Witch's church repairs fail
A small Welsh congregation in South Wales raised tens of thousands of pounds to improve their church only to see repairs fall down.
And X-Ray has discovered that the builder the church employed is also a controversial occultist who’s claimed to be the “king of all witches”.
St David’s in Abercrave near Neath paid over £35,000 to London based church restoration specialist Daniel Hussey in the Summer of 2010.
It was part of a bigger scheme to build a new community centre for the village but the following winter the work on the church had started to crumble.
The vicar, Alun Brookfield, contacted Daniel Hussey but he failed to fix the job and the community centre project has been put on hold.
Building surveyor Kevin Thomas BSc MRICS of Hart Thomas Surveyors said his method was wrong and he also applied it incorrectly. But he said the method should never have been approved and the work should not have been signed off.
Our research has also discovered that alongside his building work Daniel Hussey has had another job - Paranormal occult investigator – under the name, Magus Lynius Shadee.
Local press reports from around Britain show he has a long history of announcing he’s about to open an occult shop only to slip away leaving behind angry locals.
Mr Hussey has refused to respond to X-Ray’s inquiries.
Wedding in paradise
When Tina and Adrian from Cardiff got married in the Dominican Republic in October 2010, it was a dream come true.
“We’ve been together for 10 years so we’ve been planning our wedding for a while....It was everything we could have dreamt of and more”, Tina told X-Ray.
The wedding party spent around £20,00, booking with Thomson.
But 20 months after the wedding the couple are still waiting for their marriage certificate - causing Tina problems with changing her name on bank accounts, her driving license and passport.
The original certificate was drawn up in the Dominican Republic but had to be returned because Tina’s maiden name was spelt incorrectly.
In March of this year, X-Ray got involved and the couple were told that the certificate would be with them by the end of the month.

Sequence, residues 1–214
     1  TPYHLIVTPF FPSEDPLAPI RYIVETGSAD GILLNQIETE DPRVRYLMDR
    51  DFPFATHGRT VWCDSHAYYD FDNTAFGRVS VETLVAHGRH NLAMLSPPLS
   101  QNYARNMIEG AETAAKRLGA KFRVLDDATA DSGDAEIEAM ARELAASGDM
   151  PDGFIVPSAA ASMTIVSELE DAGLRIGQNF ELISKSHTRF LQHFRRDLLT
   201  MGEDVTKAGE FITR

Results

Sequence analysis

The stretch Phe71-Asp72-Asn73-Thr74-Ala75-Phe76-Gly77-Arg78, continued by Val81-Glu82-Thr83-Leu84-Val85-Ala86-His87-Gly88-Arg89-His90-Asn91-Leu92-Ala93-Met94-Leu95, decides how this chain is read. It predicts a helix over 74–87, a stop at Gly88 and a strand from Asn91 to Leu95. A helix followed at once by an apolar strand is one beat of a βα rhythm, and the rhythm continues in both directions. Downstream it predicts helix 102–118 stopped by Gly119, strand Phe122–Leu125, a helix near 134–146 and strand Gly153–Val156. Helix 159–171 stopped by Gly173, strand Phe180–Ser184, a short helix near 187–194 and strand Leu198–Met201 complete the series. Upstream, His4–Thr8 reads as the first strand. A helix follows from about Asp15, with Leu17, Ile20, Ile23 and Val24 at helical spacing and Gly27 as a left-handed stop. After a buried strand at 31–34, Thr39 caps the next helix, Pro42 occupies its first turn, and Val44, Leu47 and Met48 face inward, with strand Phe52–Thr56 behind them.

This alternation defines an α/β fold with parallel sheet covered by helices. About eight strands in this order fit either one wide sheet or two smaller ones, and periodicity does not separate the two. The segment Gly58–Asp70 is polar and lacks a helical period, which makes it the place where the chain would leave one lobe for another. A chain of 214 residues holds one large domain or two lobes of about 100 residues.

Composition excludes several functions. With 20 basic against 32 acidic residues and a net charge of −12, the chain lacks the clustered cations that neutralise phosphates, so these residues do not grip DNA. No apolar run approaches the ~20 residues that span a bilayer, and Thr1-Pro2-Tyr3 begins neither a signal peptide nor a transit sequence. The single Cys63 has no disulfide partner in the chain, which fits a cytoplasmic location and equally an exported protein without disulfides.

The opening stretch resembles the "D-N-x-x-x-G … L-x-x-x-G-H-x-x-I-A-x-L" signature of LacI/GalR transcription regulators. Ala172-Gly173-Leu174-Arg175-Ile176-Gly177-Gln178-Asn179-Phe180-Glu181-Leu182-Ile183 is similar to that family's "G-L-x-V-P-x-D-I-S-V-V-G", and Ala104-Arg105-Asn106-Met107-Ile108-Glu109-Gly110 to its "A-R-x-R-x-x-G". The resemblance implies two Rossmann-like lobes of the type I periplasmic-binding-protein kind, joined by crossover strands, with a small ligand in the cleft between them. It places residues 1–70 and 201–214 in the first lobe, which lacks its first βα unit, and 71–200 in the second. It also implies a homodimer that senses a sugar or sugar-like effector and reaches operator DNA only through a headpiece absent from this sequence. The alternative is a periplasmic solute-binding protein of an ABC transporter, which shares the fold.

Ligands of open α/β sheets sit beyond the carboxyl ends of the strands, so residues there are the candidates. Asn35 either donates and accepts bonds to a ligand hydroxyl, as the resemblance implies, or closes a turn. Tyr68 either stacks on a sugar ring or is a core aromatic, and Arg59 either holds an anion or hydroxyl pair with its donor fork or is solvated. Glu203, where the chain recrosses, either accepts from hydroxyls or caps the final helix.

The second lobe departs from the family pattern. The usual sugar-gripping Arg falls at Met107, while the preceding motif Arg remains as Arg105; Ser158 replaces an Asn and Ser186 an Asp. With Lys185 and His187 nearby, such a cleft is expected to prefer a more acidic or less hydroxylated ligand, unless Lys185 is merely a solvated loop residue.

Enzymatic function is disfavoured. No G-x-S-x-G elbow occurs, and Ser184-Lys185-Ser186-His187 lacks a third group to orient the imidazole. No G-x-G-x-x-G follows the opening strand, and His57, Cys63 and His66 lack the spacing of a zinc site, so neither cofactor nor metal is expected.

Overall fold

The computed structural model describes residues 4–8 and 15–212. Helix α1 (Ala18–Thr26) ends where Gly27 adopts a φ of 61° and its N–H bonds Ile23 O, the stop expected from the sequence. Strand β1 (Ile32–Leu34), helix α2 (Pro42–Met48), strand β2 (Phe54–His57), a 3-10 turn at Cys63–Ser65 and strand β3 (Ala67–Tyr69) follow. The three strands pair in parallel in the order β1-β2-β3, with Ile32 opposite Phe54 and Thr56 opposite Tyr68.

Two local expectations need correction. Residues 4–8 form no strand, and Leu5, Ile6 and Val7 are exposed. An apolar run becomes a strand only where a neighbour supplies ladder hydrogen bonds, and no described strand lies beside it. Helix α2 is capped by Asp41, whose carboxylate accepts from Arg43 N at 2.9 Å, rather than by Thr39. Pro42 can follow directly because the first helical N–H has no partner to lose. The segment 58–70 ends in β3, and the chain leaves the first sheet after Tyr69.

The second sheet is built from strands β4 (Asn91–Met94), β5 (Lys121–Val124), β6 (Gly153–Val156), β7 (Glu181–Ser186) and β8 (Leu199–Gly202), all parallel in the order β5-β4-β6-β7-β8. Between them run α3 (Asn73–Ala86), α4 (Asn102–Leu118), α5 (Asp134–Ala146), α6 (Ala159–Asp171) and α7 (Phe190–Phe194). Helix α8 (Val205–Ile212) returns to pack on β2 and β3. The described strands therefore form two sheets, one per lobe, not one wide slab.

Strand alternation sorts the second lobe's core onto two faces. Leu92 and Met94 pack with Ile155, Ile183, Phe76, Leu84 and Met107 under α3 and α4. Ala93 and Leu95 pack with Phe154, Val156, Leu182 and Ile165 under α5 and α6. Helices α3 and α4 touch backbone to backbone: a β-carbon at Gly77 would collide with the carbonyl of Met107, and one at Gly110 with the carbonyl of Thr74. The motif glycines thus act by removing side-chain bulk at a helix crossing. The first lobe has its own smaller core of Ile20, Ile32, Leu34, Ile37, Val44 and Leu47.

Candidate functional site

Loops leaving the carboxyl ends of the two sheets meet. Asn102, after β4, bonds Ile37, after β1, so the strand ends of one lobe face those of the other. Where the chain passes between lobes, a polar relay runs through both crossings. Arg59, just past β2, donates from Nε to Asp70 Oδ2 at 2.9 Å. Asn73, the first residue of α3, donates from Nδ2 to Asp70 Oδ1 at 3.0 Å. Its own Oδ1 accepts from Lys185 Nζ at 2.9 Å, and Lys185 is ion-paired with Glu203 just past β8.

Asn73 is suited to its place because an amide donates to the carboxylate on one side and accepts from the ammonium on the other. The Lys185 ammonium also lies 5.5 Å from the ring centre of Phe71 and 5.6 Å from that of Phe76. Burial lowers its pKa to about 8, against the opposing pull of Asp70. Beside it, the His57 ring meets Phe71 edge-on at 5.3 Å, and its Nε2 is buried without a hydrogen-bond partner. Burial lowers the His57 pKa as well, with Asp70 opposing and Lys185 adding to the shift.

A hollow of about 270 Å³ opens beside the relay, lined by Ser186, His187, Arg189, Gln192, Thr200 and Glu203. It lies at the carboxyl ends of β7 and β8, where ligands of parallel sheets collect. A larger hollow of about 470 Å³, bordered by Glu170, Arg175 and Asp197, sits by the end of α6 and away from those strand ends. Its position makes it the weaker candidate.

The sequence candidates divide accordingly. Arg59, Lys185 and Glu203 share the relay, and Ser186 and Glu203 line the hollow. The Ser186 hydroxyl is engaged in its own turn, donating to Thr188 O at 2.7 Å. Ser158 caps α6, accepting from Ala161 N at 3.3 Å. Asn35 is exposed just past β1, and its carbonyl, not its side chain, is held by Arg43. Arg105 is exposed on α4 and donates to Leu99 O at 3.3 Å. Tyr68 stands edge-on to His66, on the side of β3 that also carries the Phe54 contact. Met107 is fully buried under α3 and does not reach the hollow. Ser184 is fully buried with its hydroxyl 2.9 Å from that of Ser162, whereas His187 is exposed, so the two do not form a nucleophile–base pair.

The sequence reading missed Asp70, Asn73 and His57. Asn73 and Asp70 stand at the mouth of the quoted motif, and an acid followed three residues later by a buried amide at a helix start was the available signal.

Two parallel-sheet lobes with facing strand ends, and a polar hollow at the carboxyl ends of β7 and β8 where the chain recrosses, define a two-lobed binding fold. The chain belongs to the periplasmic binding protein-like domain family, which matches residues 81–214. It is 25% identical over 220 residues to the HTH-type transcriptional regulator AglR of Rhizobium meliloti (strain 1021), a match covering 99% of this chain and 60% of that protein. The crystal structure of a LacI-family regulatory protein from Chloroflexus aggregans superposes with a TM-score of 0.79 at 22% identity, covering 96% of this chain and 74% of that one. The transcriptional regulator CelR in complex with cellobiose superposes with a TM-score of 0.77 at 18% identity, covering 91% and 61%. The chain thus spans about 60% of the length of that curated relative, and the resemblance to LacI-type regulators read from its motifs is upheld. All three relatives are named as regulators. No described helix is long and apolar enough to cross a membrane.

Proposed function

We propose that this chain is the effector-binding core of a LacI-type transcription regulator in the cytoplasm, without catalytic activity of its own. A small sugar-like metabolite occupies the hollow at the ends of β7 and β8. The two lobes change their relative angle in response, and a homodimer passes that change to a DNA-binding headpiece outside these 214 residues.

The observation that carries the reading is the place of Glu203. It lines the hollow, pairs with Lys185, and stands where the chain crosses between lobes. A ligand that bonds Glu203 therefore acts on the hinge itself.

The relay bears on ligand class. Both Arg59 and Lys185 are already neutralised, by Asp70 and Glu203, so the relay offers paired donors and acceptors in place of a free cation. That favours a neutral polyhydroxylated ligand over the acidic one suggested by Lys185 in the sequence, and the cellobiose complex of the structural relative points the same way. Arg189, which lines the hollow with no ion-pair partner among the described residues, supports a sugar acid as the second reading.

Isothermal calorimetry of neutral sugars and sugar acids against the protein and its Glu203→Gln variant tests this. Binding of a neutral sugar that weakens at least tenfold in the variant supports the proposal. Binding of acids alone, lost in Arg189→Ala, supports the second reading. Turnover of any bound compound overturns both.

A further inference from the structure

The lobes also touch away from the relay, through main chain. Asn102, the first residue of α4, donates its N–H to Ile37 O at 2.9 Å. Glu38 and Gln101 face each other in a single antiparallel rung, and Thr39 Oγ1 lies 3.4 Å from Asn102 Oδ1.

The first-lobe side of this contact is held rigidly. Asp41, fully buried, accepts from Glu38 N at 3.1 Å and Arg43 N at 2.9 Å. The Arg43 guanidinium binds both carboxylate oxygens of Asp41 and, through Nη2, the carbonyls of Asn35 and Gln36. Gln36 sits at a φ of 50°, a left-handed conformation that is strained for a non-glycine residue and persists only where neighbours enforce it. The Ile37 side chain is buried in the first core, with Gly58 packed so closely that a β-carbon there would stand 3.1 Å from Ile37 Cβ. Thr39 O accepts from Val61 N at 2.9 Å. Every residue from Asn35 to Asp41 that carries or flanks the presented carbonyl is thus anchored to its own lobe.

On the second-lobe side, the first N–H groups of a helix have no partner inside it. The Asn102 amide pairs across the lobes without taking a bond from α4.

Thomson said they were, ‘…thrilled that we have managed to help Mr and Mrs Ford speed up the process of receiving their wedding certificates…’
Unfortunately, the certificate still didn’t turn up.
After making the journey from the Dominican Republic to Thomson HQ, it was posted to the couple with the wrong address on it. Now nobody knows where the certificate is.
Thomson have apologised to the couple and say they are doing all they can to get another marriage certificate – but still have no idea how long it will take.
Free solar panels cost thousands
Homeowners looking to save money by signing up to a free solar panel scheme are being warned to do their homework before signing on the dotted line.
Free solar are a cheap alternative to paying out for expensive solar panels.
Customers rent their roofs out to a company who’ll install the panels for free. You’ll get free electricity during the daytime and they’ll get paid for the excess energy you generate.
But they can cause problems when you sell your house.
Last year Colette Chilcott from Bridgend signed a lease with Homesun Limited and sixteen solar panels were installed on her roof. She was happy with the deal.
But her house was on the market and any buyers would have to take on the lease - which lasted for 25 years and had dozens of clauses.
In December 2011 one buyer pulled out following a delay in sorting out the building regulations for the solar panels.
When she found another buyer in January she hit more problems with the panels.
Their lenders weren’t happy with the lease so to sell they had to come up with a compromise.
Colette agreed to pay half the £20,000 cost of buying the solar panels outright, and to reduce the price of her house by £10,000.
Chartered Surveyor Tony Filice says it’s always best to play it safe before signing up to these types of solar schemes.
“Obtain three estimates for the cost of the installation with copies of the lease terms. Once you have that information contact your solicitor to go through the lease terms to see if there are any points of issue or concern,” he said.
HomeSun say the buy-out clause in their lease is designed to stop any problems during a house sale and that 90% of mortgage lenders do accept their lease.
- Series Producer
- Nick Skinner
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- Rachel Treadaway-Williams